Sunday, January 4, 2009

Long Poems & Books

Metamorphoses of the Sleeping Beast

Red Dragonfly Press, 2008

"Throughout Metamorphoses of the

Sleeping Beast, Dale Jacobson speaks
for the unspoken, the victimized,
the disillusioned, and does so eloquently,
forcefully, in a voice filled with beauty
and moral indignation."  

 --Robert Hedin

"Dale Jacobson is a poet of lyric praise and political vision.  
Like Tom McGrath, Jacobson's late friend and mentor, 
he comes to his topics from growing up and working in the farms and 
canning factories of the great prairie of the northern mid-west.  If there 
is a politics in his poetry as there is in McGrath's, it is as spiritually 
suffused with nature as William Blake's, as imagistic and allusively 
argued as Neruda's, and as American as a coyote on a hilltop outside 
of town waking us up with his lyrical, plaintive song."  
     --John Balaban
And now, Dale Jacobson of Minnesota and North Dakota, has come with another splendid collection of his works: Metamorphoses of the Sleeping Beast. It's an attractive book with sixty plus poems -- all of this finely tuned and honed radical stuff -- plus a full and nicely done introduction by Scott King of Northfield, MN. Available from Red Dragonfly Press, Box 406, Red Wing, MN 55066. [$14.95] Dale's e address is .

The book is divided into several quite interrelated sections: Talking with the Keeper of Nightmares, Hands Lifted in the Sun, Lost and Found Among Women, Punctual Eternities.

In the first, Nightmares, this caught my own oft-blacklisted Ishmaelite eye immediately: Upon Not Being Invited To Read On That "Common Ground" -- and this promise therein:

"But one day I'll walk through those
great doors: arrive in the middle of
some fancy fable like a trespasser
in my own back yard -- and among
those academics carry a dead bleeding
rabbit and thump it down with the sound
of a mute thing falling hard upon
my own long-loved unforgiving ground --
the way the poor learn despair -- and say:

"Until you see its gentle huge eyes glow
black and fierce, and its shape rise
like a ragged nightmare bird 
from the center of Lake Marshall
with moonlight like phosphorous burning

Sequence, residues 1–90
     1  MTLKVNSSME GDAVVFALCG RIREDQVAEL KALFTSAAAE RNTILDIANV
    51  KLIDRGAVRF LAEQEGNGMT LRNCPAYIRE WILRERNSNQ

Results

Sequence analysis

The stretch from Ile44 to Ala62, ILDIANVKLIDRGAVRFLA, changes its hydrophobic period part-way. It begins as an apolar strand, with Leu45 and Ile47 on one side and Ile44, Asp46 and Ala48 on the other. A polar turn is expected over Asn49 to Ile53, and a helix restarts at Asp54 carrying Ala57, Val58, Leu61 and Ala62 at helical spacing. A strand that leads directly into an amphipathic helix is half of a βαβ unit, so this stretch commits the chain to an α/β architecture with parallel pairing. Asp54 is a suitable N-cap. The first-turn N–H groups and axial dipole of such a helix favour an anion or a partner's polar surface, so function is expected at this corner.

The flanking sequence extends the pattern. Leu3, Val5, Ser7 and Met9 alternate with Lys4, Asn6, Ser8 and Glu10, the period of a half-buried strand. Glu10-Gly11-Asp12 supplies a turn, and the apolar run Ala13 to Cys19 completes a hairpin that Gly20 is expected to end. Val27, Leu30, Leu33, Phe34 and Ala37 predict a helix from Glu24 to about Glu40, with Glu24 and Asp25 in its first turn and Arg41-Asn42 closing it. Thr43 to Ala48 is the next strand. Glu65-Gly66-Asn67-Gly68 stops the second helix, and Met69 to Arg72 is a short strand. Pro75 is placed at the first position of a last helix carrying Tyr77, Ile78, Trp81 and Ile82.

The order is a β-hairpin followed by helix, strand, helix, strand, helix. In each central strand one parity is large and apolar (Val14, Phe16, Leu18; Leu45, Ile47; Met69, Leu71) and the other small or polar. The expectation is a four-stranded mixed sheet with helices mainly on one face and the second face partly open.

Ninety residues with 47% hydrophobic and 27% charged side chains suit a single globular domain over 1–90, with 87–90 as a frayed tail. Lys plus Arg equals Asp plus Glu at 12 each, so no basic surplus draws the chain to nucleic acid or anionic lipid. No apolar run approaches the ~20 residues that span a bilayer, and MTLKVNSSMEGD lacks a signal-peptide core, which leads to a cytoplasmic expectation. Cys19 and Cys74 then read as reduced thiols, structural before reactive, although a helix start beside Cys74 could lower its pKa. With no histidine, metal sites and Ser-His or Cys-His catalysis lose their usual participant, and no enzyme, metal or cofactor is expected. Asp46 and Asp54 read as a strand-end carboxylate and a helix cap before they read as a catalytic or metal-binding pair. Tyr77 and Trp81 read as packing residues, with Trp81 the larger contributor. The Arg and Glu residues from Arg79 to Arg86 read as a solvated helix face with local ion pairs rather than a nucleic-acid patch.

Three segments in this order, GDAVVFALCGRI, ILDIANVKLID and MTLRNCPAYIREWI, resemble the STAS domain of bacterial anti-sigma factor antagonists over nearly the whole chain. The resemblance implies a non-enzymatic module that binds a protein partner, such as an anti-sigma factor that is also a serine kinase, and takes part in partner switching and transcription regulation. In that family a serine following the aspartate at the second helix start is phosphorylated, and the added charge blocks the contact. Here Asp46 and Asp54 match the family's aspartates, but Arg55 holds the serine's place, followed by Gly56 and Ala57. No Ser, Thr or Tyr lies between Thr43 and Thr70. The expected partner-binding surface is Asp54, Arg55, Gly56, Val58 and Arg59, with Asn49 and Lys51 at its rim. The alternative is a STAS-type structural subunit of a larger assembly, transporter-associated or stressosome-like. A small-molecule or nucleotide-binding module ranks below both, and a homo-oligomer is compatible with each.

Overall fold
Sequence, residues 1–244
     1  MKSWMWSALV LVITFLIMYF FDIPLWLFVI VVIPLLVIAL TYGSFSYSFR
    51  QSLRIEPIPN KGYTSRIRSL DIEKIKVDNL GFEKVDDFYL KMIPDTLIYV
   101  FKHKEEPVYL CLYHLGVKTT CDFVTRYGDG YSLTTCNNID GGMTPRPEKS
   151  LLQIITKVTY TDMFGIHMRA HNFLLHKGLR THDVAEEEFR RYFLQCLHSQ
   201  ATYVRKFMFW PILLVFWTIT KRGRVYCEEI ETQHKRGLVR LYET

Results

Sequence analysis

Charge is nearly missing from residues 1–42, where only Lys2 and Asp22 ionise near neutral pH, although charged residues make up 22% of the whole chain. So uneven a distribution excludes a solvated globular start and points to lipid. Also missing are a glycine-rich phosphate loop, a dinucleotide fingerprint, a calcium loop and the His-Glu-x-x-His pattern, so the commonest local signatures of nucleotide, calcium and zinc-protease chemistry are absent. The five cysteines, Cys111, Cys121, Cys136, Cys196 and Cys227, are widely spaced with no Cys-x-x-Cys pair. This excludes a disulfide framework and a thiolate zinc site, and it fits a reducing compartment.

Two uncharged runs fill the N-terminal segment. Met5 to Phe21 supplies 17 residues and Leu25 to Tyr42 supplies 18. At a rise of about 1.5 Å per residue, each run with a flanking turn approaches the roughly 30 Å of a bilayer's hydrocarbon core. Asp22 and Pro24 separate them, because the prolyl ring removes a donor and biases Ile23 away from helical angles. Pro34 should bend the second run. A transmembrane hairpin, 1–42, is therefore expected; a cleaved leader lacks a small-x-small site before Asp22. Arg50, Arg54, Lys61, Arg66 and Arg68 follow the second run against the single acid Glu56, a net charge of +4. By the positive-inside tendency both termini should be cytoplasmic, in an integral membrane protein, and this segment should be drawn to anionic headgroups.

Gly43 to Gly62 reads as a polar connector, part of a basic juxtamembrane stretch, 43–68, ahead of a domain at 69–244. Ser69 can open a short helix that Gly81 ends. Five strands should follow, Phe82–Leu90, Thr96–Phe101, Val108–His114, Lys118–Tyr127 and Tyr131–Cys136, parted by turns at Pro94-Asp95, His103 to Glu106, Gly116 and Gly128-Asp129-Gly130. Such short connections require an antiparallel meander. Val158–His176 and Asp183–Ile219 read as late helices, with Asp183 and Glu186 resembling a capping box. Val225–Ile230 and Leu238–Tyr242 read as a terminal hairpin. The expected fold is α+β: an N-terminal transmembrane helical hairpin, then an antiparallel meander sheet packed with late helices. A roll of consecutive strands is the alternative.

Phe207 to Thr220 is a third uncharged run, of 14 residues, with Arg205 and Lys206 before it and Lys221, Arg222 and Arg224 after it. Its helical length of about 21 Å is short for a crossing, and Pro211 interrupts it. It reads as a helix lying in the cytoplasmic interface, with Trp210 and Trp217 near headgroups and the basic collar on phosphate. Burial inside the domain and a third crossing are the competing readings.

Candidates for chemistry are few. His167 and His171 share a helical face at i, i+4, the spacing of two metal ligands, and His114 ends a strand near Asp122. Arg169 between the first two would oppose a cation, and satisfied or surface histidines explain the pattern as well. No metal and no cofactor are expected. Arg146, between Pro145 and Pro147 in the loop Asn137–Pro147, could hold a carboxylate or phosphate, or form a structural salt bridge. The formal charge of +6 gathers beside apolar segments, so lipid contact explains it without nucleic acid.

on its wings, whatever you say 
about this ground: is a goddamned lie."

Hands Lifted contains intricately done reflections on unique and positive human beings with whom Dale has had much contact. They range, among others, from Lilly Francis, a part-Choctaw psychic from Pearl River County, MS and a great English teacher at UND and a great human being -- to the radical poet, Tom McGrath, a long-time associate of Dale's; and to another close friend of his, the Left writer Meridel LeSueur. [And well, yes, I'm honored to be in there as well.]

Lost and Found Among Women contains its own unique, fine nuggets:

After A Phone Call
- Therese

"Far from her voice that arrives
like a vegetable vine
of traveling blossoms - like
the squash we raise
close to the earth - I study
the moon over the prairie,
the same moon that casts
its light upon that distant city
and brightens the road between -
a blazing patch on this floor -
while the same light shines
in her eyes there: one hour."

Punctual Eternities continues Dale's radical perspective: is rooted in Nature, reflective, optimistic. Its final piece, Songs Of The Seasons, carries this as the conclusion:

"Mourning doves, crows and sparrows:
winds of song make public the brooding soil.
And we open doors, speak and build
what light we can, dreamers of the earth's dream:

metamorphoses of the sleeping beast."

Dale Jacobson's work sensitively delineates and feathers out the vitally human dimensions of individuals, communities, issues, struggle, hope. He provides Life and Optimism -- in addition to Insight and Courage. Without becoming entangled in spider webs of intricate "ideology," he consistently remains a visionary radical in the best American and Human traditions. His is the "oak wood fire" that burns long indeed -- into the future and far beyond.